It’s always sunny in Dunny!” exclaimed the beaming pub landlord as we stepped out onto the garden deck. It was hard to argue with him. Despite it being early spring, I felt like I’d been transported somewhere far more tropical than Dunbar, Scotland. “In summer, we get surfers popping past after they’ve been to Belhaven,” he continued, gesturing towards the expansive, sandy beach a few hundred metres from the pub’s doorstep.
I was only halfway through my first full day in East Lothian, the region to the east of Edinburgh, and it was already clear that the area was full of surprises.
Before heading out for our first day of exploration, we wandered into Dunbar’s pretty town square to see the birthplace of John Muir. The celebrated conservation advocate and author spent his childhood here in the early 1800s before moving to America, where he’s best-known as the driving force behind the country’s first National Parks.
His home, which has been restored and turned into a museum, also marks the start and finish of the John Muir Way, a 215km coast-to-coast trail, three sections of which lie in East Lothian.
My travel companion Dave and I weren’t going to spend the entirety of our time here completing this one trail, however. We were focussing on experiencing the variety of adventures East Lothian had to offer. From Dunbar, we travelled a short distance south for a walk along the coast path at Barns Ness Lighthouse.
This grassy, windswept headland felt wonderfully wild and exposed. Any grogginess that remained after my travel the previous day was swiftly blown away by the sea air. We trod carefully over the rocks exposed by the low tide, our eyes peeled for fossils and creatures hidden in the pools.
Continuing along the path, we reached the neighbouring Whitesands Bay, an aptly named secluded stretch of sandy shoreline. The clear water twinkled invitingly in the morning light, but any momentary thoughts of dipping a toe vanished as we watched a hardy local running into the water—her squeals confirmed just how cold it was.
“Hesitant though I was to submerge myself in the sea, I was eager to experience it in a slightly different way: on a stand-up paddleboard”
Hesitant though I was to submerge myself in the sea, I was eager to dive into some waters sports and experience it in a slightly different way: on a stand-up paddleboard, or SUP. A quick discussion with my instructor Jacob from local adventure company Ocean Vertical established that the best location was Gullane Bents, another of the region’s wide, sandy bays.
Safely zipped into wetsuits for when we inevitably took a tumble into the water, Jacob and I carried our boards through the dunes to the beach. Before long I was confidently paddling along, occasionally dropping to my knees as a rogue wave threatened to unbalance me.
Hiking the Herring Road
After a few hours of exploring the sun-drenched coastline and only a handful of unplanned swims, it was time to head away from the beaches for the first of our inland adventures. “The mountains are calling, and I must go,” is how John Muir famously put it, and go we did: a short drive later and we were in the heart of the Lammermuirs, the high moorland area on the edge of the region, and home to some of the best walking trails in East Lothian.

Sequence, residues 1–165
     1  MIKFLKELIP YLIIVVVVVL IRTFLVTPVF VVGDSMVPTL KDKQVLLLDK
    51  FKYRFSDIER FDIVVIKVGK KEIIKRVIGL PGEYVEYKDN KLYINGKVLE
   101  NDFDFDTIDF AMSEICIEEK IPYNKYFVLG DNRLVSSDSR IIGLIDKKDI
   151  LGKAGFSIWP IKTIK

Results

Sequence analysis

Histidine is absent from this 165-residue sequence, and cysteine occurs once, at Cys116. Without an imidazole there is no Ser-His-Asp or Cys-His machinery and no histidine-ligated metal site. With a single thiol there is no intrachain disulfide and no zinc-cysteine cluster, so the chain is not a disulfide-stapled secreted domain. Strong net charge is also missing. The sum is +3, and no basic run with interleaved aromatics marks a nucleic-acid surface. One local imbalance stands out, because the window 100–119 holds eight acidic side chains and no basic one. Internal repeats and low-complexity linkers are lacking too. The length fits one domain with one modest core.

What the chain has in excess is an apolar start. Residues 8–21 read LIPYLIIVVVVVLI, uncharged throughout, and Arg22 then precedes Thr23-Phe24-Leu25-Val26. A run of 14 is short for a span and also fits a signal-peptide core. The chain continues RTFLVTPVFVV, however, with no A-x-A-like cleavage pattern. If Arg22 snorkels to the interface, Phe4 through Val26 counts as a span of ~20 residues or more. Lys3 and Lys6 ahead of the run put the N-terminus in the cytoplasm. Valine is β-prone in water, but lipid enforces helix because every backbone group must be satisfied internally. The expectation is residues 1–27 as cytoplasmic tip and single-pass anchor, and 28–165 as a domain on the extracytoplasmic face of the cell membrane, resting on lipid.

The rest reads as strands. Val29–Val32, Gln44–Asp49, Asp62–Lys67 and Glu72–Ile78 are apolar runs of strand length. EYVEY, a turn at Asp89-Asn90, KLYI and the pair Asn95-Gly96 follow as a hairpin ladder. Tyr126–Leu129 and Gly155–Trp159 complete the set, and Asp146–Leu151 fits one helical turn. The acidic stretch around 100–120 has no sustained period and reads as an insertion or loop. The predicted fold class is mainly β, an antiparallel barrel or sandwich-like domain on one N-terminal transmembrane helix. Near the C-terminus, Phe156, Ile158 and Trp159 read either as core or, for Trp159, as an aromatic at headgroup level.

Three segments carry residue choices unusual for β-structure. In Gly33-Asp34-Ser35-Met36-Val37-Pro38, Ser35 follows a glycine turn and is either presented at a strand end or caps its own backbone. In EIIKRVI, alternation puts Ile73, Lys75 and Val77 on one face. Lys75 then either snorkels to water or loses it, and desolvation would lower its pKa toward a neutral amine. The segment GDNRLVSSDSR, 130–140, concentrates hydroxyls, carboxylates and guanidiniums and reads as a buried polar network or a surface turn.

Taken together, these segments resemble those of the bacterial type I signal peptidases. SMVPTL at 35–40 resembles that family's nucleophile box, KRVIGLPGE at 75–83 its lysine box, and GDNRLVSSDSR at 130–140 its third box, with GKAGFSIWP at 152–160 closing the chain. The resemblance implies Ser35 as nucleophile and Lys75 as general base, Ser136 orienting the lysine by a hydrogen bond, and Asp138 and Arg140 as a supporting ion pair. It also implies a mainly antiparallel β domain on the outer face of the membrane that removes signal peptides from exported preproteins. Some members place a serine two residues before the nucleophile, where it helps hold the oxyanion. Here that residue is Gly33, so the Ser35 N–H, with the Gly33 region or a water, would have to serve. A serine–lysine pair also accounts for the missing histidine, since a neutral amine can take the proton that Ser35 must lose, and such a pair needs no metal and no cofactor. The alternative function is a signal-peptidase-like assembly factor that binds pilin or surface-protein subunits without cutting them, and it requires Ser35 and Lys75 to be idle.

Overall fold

Setting off on our hike, I immediately felt the familiar sense of calm contentment I only experience when surrounded by vast, open spaces. Hills filled the horizon in every direction, layer upon layer of grass and heather rippling away from us towards the distant sea. The view was interrupted intermittently by two wind farms. The turbines stood tall, like watchful giants, seemingly waving at us as their arms spun gently in the breeze.
The Lammermuirs are often overlooked in favour of East Lothian’s attention-grabbing beaches, but they are not to be underestimated. The hills are dotted with intriguing “laws”—conical hills rising from the landscape—and ancient forts like White Castle and Addinston. Enveloped by the tranquillity and beauty of my surroundings, it was easy to forget that I was less than an hour from Edinburgh, and even closer to the bustling coast. I felt like we were in a forgotten corner of the country, and relished having this pocket of peace to ourselves.
“Just an hour from Edinburgh, We relished having this pocket of peace to ourselves”
The next day, Dave and I swapped our walking boots for wheels. We were returning to the hills that had so impressed us the previous day, this time with a different agenda: biking the Herring Road. The origins of this route date back to the 18th and 19th centuries, when it was travelled by fishwives and traders carrying wicker baskets full of herring inland from Dunbar to Lauder. We decided to forgo the fishy cargo, opting instead to retrace a section of the 45km path on gravel bikes.